Under local color (from the French. Couleur locale: , local color ') refers to the character and atmosphere that characterize a city, a region or country. These can be sights ( Eiffel Tower , Cologne Cathedral , Hamburg harbor ), celebrations ( Oktoberfest , church fairs , wine festivals ), traditional costumes and customs ( Carnival, Mardi Gras , Plantanz ), games ( Schafkopf , Skat ) or dialects . Gastronomy (in Bavaria the inn culture ) with its countless specialties and characteristic locations (Bavarian beer gardens , Franconian beer cellars or in Austria the Viennese coffee house ) plays a special role (but with less attention in Northern Germany ). Plays a key role in the local color naturally the all formative, local lifestyle of the people - in English-speaking countries it is called in this context rather regionalism (regionalism) .
The term coloring originally refers to the coloring of a painting. Because the stage sets were painted until the end of the 19th century, he was able to refer to the illusion technique of the theater stage. In a broader sense, it was also carried over to the costumes, music and other components of the stage performance. In the 18th / 19th In the 19th century, the idea was formed that a color could characterize regional characteristics.
The local color in images, in texts and in the performing arts often affects the perception of the original back: As explained Goethe 's Central European readers in the Italian Journey , that a square in Naples so look like a market scene in the Italian opera buffa ( "People's lives in Naples "). Often to be cliché froze ideas used to make a scene to characterize in a literary work or film. Special features are presented in such a way that they have a recognition effect.
Local color can either emphasize the familiar, the familiar or the strange and unfamiliar. Above all, it dampens the potentially unsettling aspect of every stranger by giving them a tourist recognizability and availability. In this sense, it is omnipresent in novels, film and television formats: “The local color is nothing incidental, but rather belongs to the scheme of the orderly world that is threatened by the extraordinary.” For example, the Eiffel Tower is shown in many films set in Paris , lively accordion music played and baguette- buying berets shown. The local oriental color has a long tradition ( minarets , turbans and colorful carpets, etc.).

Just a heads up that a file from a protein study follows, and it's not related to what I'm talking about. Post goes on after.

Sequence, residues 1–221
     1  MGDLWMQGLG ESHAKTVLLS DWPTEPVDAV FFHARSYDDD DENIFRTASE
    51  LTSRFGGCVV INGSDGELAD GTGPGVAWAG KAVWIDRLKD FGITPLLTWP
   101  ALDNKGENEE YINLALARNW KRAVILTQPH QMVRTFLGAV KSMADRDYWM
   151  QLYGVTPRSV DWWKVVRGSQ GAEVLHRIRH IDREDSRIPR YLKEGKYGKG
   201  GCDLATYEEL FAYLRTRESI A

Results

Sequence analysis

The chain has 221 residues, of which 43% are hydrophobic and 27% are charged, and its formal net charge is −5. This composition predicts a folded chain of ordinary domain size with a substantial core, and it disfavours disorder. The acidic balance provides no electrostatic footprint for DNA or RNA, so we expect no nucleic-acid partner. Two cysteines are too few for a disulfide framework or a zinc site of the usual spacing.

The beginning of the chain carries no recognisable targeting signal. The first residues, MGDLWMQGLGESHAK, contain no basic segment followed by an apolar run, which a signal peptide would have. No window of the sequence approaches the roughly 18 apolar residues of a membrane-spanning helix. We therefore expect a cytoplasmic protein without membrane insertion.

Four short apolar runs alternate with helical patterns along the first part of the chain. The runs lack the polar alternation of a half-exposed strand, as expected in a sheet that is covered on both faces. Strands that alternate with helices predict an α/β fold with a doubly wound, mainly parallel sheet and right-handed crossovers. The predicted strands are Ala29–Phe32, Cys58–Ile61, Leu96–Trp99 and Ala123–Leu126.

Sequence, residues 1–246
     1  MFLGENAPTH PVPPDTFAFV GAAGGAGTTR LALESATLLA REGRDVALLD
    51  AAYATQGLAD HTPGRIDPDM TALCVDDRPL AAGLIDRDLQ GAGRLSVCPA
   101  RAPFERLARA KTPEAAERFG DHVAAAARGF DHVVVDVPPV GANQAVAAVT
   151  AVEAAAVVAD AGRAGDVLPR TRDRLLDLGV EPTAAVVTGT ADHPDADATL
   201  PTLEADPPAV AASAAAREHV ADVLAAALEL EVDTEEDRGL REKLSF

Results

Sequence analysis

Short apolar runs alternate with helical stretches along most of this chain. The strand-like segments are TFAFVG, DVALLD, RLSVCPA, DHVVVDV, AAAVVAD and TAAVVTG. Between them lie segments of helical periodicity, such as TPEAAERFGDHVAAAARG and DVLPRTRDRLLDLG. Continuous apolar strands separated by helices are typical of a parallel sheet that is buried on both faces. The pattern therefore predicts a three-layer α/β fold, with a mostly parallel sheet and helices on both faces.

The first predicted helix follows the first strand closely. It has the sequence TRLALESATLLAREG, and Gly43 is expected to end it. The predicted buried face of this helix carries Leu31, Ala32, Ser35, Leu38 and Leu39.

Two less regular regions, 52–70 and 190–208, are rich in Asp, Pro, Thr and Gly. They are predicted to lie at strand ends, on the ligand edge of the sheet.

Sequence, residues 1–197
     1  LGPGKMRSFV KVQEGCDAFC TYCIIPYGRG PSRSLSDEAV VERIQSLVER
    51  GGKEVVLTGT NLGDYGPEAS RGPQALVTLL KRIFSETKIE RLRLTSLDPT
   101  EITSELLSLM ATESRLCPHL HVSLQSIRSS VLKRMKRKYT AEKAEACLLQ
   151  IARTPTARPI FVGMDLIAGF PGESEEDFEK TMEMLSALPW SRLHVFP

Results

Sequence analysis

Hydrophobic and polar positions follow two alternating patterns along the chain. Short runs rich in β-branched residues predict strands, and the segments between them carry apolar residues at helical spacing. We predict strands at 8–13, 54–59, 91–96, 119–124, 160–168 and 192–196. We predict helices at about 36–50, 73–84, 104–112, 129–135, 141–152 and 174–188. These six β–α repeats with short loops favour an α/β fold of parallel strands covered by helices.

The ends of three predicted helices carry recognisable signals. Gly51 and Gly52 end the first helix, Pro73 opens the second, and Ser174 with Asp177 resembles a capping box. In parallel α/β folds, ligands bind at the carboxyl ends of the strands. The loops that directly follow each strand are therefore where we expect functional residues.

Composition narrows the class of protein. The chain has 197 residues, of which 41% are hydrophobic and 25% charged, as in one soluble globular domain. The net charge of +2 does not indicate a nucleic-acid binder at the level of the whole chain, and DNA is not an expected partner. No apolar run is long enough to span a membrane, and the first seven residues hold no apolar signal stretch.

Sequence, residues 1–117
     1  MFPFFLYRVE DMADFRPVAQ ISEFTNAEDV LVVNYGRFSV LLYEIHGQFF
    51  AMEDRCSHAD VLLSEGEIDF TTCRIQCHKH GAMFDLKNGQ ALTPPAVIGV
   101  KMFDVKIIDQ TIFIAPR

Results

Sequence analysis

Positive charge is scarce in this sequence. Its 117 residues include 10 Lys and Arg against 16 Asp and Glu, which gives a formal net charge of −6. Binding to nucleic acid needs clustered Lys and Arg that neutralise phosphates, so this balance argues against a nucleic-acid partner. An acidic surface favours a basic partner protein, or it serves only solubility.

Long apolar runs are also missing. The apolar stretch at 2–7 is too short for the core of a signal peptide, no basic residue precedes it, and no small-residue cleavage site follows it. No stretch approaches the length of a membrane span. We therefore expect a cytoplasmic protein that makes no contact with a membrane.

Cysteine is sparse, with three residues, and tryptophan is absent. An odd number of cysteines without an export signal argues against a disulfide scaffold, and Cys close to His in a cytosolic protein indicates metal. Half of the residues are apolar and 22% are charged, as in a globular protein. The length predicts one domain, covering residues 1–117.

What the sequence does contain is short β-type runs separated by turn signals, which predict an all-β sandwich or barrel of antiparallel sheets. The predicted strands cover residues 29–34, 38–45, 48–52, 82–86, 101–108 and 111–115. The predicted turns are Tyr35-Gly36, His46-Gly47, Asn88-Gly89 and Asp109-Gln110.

In linguistics , we speak of local color when foreign or non- standard language words and expressions remain untranslated or uncorrected in order to characterize something special or foreign (such as "Reverend" instead of "Reverend" in a text translated from English).
In the genre painting there is local color at least since the 17th century. As a counter-movement to classicism , which tried to break away from local restrictions, the local color experienced a boost in the 18th century, also in the course of the appreciation of the bourgeoisie , its language and its way of life. The popular Turkish opera , on the other hand, brought together everything that was considered strange and exotic on stage. The romance was trying to break away from ancient models and to transfigure the local, as in the so-called folk songs and folk tales .
The local color experienced a high point during the Biedermeier period . Now it was more committed to a realism that asserted the truthful portrayal of social conditions. In the theater, for example, the local farce or the serious life picture with dialects and allusions to local customs, local architecture and geography emerged. The realism in literature and theater exacerbated the truth claims of such representations. When editing popular pieces, however, it often became apparent that their local color could be exchanged at will. A late example is the Viennese operetta Servus, servus (1935) by Robert Stolz , which was given in Italy as Ciao, ciao and in Switzerland as Grüezi, grüezi . - The foreign or distant as an imprecisely defined local color asserted itself in theatrical forms such as the feerie and the extravaganza .
Local color as the achievement of a machine of illusion has been evident since the middle of the 19th century: in panoramas and dioramas , later in national shows or theme parks such as Venice in Vienna .
Today local color in the form of beloved clichés has a tourist significance, as travel destinations adapt to the expectations of the guests. In the period film , one tries to research the local circumstances fairly precisely, but mostly without taking linguistic peculiarities into account. The “oriental” local color as a sign of the strange and adventurous is often shifted in fantasy films to a more neutral fantasy world in which a judgmental depiction of skin color or clothing habits is avoided.
- Heinz Becker: The color locale in the opera of the 19th century , Regensburg: Bosse 1976. ISBN 3-7649-2101-3
- Klaus Plake: Handbuch Fernsehforschung: Findings und Perspektiven, Springer, Wiesbaden 2004, p. 148. ISBN 978-3-531-14153-4
- Klaus-Dieter Gottschalk: Local color in translation. Chatwin: On the Black Hill, in: Jürg Sträßler (ed.): Trends in European Linguistics, Niemeyer, Tübingen 1998, pp. 55–58. ISBN 3-484-30381-6